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Bronchial asthma, nasal polyps, and aspirin sensitivity: Samter's syndrome

H J Zeitz
Clinics in Chest Medicine 1988, 9 (4): 567-76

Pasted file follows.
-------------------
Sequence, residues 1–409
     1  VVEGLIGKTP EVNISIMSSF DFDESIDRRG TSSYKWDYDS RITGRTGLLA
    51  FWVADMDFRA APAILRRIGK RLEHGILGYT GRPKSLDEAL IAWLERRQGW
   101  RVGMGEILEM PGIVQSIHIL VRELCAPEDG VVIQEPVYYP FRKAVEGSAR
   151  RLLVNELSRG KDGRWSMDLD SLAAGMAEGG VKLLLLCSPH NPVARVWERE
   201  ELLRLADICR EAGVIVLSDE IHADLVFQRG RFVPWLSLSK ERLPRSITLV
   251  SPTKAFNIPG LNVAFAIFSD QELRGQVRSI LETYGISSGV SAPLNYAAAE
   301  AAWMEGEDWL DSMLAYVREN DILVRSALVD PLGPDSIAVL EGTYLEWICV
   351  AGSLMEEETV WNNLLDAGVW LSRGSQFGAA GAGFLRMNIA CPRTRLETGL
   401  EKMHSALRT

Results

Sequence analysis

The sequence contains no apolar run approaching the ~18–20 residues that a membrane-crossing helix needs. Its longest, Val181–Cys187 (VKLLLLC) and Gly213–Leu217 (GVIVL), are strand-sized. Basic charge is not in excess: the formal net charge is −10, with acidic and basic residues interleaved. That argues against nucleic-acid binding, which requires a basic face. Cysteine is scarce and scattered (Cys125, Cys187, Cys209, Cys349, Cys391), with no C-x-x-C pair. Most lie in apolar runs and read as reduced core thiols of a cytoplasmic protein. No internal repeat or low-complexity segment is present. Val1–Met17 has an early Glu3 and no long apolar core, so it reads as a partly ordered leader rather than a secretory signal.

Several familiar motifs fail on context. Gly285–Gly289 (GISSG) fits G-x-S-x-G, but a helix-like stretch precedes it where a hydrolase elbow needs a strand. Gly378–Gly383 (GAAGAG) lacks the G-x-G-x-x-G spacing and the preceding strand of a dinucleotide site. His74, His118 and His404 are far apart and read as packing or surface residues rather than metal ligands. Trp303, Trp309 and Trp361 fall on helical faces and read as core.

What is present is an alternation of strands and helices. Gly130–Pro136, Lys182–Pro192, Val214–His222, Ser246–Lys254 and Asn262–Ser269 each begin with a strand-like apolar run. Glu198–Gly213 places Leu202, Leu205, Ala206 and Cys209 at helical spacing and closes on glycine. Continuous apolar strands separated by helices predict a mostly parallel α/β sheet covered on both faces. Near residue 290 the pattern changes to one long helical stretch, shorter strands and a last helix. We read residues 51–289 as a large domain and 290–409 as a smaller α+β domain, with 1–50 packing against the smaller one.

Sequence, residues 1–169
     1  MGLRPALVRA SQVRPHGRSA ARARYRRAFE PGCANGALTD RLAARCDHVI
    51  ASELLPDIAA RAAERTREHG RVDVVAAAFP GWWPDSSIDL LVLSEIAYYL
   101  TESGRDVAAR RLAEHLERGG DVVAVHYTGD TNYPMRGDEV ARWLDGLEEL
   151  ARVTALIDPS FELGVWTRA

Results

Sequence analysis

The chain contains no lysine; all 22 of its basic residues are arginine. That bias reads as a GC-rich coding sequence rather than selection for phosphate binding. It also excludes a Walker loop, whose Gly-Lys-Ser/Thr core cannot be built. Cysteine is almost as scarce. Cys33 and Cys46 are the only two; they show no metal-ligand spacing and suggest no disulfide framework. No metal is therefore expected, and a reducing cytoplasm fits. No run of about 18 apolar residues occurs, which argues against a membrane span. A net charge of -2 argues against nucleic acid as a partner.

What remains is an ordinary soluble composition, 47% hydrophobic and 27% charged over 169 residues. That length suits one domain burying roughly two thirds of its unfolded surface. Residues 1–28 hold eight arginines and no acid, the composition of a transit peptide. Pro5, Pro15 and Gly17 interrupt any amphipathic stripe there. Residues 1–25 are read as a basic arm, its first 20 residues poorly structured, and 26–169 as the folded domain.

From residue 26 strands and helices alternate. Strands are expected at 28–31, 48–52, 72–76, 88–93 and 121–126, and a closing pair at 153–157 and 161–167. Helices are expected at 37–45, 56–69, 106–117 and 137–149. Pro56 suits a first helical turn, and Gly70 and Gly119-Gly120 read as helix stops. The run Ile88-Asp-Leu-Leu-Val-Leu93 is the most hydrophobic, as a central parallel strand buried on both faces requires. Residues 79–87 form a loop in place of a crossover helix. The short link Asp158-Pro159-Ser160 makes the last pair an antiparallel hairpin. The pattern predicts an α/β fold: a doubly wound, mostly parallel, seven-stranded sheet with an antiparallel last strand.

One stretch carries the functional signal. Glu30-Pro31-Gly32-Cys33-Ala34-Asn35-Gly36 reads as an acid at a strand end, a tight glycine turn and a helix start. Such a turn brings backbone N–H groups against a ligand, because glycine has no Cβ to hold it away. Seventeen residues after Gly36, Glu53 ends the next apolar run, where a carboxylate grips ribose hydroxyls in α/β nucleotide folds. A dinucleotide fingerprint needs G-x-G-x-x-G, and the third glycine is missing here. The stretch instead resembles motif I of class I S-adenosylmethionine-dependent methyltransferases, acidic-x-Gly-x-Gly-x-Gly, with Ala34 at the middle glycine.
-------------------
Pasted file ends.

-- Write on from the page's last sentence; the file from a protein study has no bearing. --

The historic triad of bronchial asthma, nasal polyposis, and intolerance to aspirin and related chemicals, recently designated as Samter's syndrome, is an inflammatory condition of unknown etiology and pathogenesis. The condition is probably acquired, perhaps secondary to a viral infection, but a hereditary factor may be important in some patients. Most patients with this syndrome are adults, with an occasional case being identified in a teenager or older child. Although not every patient will have the fully developed syndrome, the typical patient will have all three of the classic features. Many patients with Samter's syndrome also have a marked eosinophilia of both bronchial and nasal secretions as well as the circulating blood. Approximately 10 per cent of the patients have urticaria and/or angioedema, alone or in combination with respiratory inflammation. The diagnosis usually can be established easily on the basis of the history and physical examination, and only rarely in clinical practice is it necessary to perform a confirmatory aspirin challenge test. As with all allergic diseases, the cornerstone of treatment is environmental control with avoidance of respiratory irritants, aspirin, and aspirin-like medications. Management of upper airway disease requires careful prescription of medication supplemented by judicious selection of surgery. A variety of medications, including bronchodilators and corticosteroids, can be used to treat the bronchial symptoms. The results of current research are expected to lead to better understanding followed by further improvements in treatment for patients with Samter's syndrome.


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